We came out on the Eastern side of this building near the chimney that dominates the site. Looking in the smaller buildings around us we found little. As we decided on the next direction, we heard a bulldozer roaring in our direction. It didn't come too close, but enough to make life difficult. It sat parked up chugging away near a silver set of pipes going high above the ground.

After 5 minutes I became bored, and decided to sneak up closer to see what was going on. The demo team appeared to be working on the area just south of the chimney. I ran across to a portacabin style building and took cover. It turned out to be a temporary wash room/toilet for the the demo team.  GE031 came running over and dived in with me. I pointed out this wasn't a good place to be, and we darted behind it and over a tough looking 'keep out' strip into the main factory building.

What greeted my eyes was the same sense of wonder that I'd experienced at Pyestock. It was a Willy Wonka land of metal pipe gorgeousness. I didn't know where to start, or when to stop drooling.

Pipes ran everywhere, straight lines twisting around bends then whizzing up vertically.

Pipes criss crossing like a mesh, reminding me of the '3D Pipes' screensaver on Windows.

An inspection sheet and circuit details

I then walked South of this area into a storage area for what I assume were where massive rolls of cellophane had been stored.

The floor above was just the same. The windows were heavy with condensation and grime, as I looked out to see if Dennis's colleagues were walking about.

I found a door on the first floor, and walked out to the roof.

And then over towards the rail line direction, where a taller building stole my interest. At a whopping 5 floors high, it dominated the skyline for miles around.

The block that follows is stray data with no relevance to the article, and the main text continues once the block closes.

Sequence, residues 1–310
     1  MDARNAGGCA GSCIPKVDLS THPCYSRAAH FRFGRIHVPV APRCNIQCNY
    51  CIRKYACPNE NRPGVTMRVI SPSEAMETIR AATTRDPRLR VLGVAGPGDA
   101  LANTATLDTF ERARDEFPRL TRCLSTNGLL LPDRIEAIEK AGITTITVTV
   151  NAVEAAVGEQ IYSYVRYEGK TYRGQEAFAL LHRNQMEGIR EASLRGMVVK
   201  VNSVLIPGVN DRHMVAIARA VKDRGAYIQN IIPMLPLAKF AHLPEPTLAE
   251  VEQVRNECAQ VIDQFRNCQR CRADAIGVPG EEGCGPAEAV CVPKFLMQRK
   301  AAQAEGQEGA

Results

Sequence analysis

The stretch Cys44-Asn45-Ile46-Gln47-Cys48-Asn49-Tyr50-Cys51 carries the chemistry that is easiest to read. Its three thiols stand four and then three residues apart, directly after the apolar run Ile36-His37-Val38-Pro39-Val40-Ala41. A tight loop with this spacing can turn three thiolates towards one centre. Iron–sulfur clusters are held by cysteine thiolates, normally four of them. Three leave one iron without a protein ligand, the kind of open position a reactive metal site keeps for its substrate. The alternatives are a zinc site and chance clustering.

I popped back inside and made my way across to the production lines.

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There were several of them above all the pipe madness on the floor below.

Presumably all the chemicals came together and were flattened out into film in these bits of the factory. The stench around here must have been dreadful, lord knows how they coped.

To say there were a few bits of machinery here that baffled me would be an understatement, there were shedloads of things I had no clue what they did. This was just one.

One thing I do know is, that the film was wound round these rollers, stored up nearby to the production lines above.

Disused factories are full of hazards, and if this tank leaked I wouldn't want to encounter its contents.

Some colourful wheels nearby to the Acid Tanks.

Manoeuvring around below the production lines, amongst lots of pipes and other items wasn't at all easy. I came to this area at the far end of the building directly below the far end of the production lines.

A Carbon Disulphide warning sign in the dark and dingy areas below the production lines. If CS2 is released, one can expect nausea, vomiting, dizziness, fatigue, headache, mood changes, lethargy, blurred vision, delirium, and convulsions. Other affects can include altering the brain's chemistry and toxic attacks of major organs. Moving on swiftly...

We left the main factory area, and pushed on. On the way we passed some odd diving bell like features. It's staggering to think that someone designed all these various bits to work together.

Clearly not an area where you don't want to be smoking.

again, no idea what this is, but I found it photogenic.

We then stumbled into a large open area, possibly used for storage of goods before being shipped off somewhere.

Finished with the main factory block, we went over to the 'tall' building, and climbed all 5 of the massive floors. I could have killed for oxygen at the top! The building seemed to be one long and tall process, with substances added at the top and filtered down through the building.

We found a ladder up, and were on the roof. Between the factory and the lush green fields lies the railway tracks.

The side of what I'll imaginatively call the 'Tall Building', and the main factory spread.

And attempt to be arty, with my newly acquired fisheye lens.

GE031, worried about security, finally pops out as I say I can't see any.

Looking North up the site. Note the orange digger near the chimney (that the fisheye has made like the Tower of Pisa). This is where the workmen were busy. Dumper trucks whizzing in and out of buildings.